“Some of the pubs had secret handles that couldn’t be opened by unwelcome persons. Most of the audiences would have looked good in a movie like your Killer Bitch, but the cast usually outnumbered them. Sometimes it wasn’t possible to get across the room. It’s quite difficult doing dance-centred performance when the play area is only two feet wide.

“It was the normal Greatest Show on Legs routine – the Scotsman striptease, the dustbin lid clog dance,  the beer mat dance and spinning the dirty old men plus Malcolm doing his impression of French President General de Gaulle using nothing but his genitals and a pair of spectacles… with a Can Can dance added at the end.

“I once had to relieve myself in a pint glass and hide it behind the music player. I never saw Malcolm wash his harmonica in anyone’s beer for quite a while after that night.

“There is one Christmas story that I never actually checked out with Malcolm. But two anarchists who knew him maintained that he had a hand in planning it.

“It happened in Exeter Prison, on the Friday before Christmas, when Malcolm was doing time there. As it was a Friday, there was supposed to be fish for dinner – in this case, mackerel, which had been caught off Cornwall, shipped to a very dodgy fishmonger in Truro in an un-refrigerated van and then delivered to the prison gates in another un-refrigerated van during the Thursday night. But that’s where the fish stayed – outside the prison gates – as the staff were on a Christmas rota and there was no-one to take them in. So the fish were well and truly past any relevant sell-by date by the time they arrived.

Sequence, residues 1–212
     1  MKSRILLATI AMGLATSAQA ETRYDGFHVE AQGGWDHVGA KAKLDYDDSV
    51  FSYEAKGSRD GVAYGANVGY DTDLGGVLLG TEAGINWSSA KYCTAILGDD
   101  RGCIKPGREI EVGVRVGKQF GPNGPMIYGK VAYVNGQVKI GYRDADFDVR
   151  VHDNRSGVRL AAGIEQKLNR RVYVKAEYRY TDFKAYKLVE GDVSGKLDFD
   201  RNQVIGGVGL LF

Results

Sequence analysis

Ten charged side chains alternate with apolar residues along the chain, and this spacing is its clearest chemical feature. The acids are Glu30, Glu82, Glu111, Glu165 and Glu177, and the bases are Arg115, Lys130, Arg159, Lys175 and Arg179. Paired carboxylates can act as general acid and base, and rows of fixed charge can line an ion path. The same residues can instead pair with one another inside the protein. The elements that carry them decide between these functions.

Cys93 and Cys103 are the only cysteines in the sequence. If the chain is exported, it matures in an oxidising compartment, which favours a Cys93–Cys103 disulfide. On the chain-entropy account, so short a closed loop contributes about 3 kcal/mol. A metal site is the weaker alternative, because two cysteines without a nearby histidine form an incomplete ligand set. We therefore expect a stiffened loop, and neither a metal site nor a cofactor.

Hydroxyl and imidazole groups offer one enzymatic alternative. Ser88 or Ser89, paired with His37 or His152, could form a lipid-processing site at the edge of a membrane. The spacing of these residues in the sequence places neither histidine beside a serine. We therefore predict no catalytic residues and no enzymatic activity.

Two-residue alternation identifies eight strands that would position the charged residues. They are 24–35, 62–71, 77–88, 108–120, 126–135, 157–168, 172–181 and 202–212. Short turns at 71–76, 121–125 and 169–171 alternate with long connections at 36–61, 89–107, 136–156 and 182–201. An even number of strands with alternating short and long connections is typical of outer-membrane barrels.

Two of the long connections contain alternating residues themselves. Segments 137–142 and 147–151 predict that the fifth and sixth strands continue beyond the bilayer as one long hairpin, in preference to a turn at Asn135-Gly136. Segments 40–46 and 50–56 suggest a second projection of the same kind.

“Devon and Cornwall are not being famous for snowy Christmases, so the Friday before Christmas was nice and hot and sunny and the fish sat there until someone eventually took them in.

“The inmates always used to eat in their cells. So they were unlocked and marched one wing at a time to collect their meals on a tray from a central servery. It took an age because of the Christmas staff cuts.

“No-one wanted inedible rotting fish in their cell for the next 23 hours and there were no warders to notice what was being done, so the stinking fish contents of the trays were tipped over the landings. The falling fish hit the anti-suicide netting between the floors and stayed there.

“Rotting mackerel has a strange clingy consistency… but only for a time. After that, the warming oils make it quite fluid.

“So, after a while, the fish fluid dripped down – slowly at first – and then a really big flush hit the ground floor where the just-arrived Salvation Army band were playing God Rest Ye Merry Gentlemen!”

I do not know if Malcolm was involved in this merry incident, but it does sound in character and the sort of festive fun he would have enjoyed. He liked to entertain.

It is also a typical Malcolm Hardee story – it sounds improbable or impossible but then turns out not only to be true but to actually be understated.